Rep. Jerrold Nadler (D-N.Y.) on Wednesday responded to an accusation by D.C. taxicab driver Abraham Habteab that he skipped out on a fare Tuesday.
The incident began when Habteab picked up the lawmaker at Union Station at about 2:30 p.m. and drove him to his hotel. Nadler told Habteab he wanted to check in and drop off his luggage before going to his office on Capitol Hill. He asked the driver to keep the meter running while he did so. Habteab refused.
Habteab says he considered the two trips separate. “I stop the meter, you pay,” he says he told Nadler, recounting the events to a CBS affiliate on Tuesday.
But the law appears to side with Nadler, who even carries with him a letter to that effect from Taxi Commission Chairman Leon Swain. “I shared [the letter] with Mr. Habteab,” Nadler said, “but he refused to read.”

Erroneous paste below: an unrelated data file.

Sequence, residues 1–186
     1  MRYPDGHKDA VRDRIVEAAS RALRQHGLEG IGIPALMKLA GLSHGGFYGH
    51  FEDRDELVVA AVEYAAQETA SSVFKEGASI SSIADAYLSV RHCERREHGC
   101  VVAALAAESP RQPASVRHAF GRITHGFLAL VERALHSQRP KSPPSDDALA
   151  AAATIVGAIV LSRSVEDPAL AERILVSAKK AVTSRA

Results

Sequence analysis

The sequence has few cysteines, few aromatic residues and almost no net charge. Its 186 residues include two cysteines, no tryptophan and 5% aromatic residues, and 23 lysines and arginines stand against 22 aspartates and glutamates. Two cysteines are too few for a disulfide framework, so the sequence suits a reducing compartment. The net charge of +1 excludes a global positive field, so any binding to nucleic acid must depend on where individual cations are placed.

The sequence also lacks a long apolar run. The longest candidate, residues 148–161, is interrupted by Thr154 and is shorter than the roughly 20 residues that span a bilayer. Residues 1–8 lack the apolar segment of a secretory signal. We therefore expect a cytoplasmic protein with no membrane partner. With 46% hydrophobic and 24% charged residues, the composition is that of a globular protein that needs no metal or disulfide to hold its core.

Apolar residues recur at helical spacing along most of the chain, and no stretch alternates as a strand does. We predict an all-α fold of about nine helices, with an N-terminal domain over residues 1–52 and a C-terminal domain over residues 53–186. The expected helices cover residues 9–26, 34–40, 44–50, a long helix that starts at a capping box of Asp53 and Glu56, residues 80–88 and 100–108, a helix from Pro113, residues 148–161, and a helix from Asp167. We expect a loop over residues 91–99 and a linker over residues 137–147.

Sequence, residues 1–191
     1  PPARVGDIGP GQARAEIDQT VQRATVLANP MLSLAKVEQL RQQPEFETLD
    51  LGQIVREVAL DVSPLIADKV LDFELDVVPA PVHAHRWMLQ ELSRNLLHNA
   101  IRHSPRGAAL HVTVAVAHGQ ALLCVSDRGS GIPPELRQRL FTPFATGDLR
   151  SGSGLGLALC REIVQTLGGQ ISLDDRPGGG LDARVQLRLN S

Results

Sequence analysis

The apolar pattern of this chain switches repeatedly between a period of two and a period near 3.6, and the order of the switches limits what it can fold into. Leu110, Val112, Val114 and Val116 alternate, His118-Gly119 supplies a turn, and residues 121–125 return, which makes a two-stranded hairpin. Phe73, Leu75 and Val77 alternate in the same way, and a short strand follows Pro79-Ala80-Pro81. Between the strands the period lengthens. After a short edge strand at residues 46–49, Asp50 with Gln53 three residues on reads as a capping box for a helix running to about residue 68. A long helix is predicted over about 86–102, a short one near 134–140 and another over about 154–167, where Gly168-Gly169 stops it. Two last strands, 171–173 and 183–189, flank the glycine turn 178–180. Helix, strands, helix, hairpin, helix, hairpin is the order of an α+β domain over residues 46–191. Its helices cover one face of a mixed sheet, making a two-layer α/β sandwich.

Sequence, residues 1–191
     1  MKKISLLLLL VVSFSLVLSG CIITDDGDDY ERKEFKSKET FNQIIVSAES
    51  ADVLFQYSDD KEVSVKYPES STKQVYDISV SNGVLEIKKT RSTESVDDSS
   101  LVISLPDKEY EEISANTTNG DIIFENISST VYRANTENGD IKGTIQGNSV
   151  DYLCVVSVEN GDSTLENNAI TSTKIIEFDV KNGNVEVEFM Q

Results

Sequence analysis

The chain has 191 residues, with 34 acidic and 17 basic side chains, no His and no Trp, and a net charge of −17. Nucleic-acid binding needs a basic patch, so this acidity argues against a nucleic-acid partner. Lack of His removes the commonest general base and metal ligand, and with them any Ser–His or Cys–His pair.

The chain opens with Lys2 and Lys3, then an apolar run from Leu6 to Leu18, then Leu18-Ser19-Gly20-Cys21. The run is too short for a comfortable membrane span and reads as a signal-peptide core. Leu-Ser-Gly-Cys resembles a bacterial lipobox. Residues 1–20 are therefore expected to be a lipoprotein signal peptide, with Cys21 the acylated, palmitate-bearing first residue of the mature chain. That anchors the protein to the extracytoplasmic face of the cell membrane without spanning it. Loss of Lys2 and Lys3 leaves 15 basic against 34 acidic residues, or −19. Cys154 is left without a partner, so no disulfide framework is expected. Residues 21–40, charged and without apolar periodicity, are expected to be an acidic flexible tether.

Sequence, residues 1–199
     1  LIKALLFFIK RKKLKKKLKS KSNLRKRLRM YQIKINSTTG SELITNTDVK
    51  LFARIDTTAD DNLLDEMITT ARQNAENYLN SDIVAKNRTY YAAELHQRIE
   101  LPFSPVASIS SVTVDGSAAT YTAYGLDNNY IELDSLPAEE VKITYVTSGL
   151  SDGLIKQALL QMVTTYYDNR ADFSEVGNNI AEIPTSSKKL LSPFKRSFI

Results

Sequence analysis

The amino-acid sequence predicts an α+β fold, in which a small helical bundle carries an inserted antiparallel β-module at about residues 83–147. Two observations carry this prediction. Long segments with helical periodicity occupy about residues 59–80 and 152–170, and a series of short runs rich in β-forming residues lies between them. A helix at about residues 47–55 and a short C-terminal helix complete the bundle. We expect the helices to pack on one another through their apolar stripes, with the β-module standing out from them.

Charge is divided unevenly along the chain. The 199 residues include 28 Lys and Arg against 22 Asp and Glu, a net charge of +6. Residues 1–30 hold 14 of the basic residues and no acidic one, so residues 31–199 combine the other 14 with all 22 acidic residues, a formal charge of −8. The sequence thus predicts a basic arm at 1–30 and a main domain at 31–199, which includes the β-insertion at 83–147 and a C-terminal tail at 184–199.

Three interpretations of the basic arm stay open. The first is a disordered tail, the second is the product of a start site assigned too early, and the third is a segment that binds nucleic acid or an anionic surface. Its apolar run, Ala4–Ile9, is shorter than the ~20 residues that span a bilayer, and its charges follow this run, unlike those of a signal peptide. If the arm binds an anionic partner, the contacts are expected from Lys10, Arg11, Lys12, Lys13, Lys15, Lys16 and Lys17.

Upset, Nadler got out of the cab without paying for the initial ride from the station, and got into another cab.
“Mr. Habteab would not obey the law and take me to my final destination,” the lawmaker explained, “[so] I was obligated to find another driver who would. Of course taxi drivers have rights, but so do passengers.”
After Habteab complained to the media on Tuesday, Nadler called Swain on Wednesday morning to reconfirm the law. “Chairman Swain ... has confirmed that I was correct in relying on his interpretation of the law as stated in the letter.”
Nadler said he is “working with the Taxicab Commission and Mr. Habteab to ensure that he receives the correct payment, despite his misinterpretation of the law.”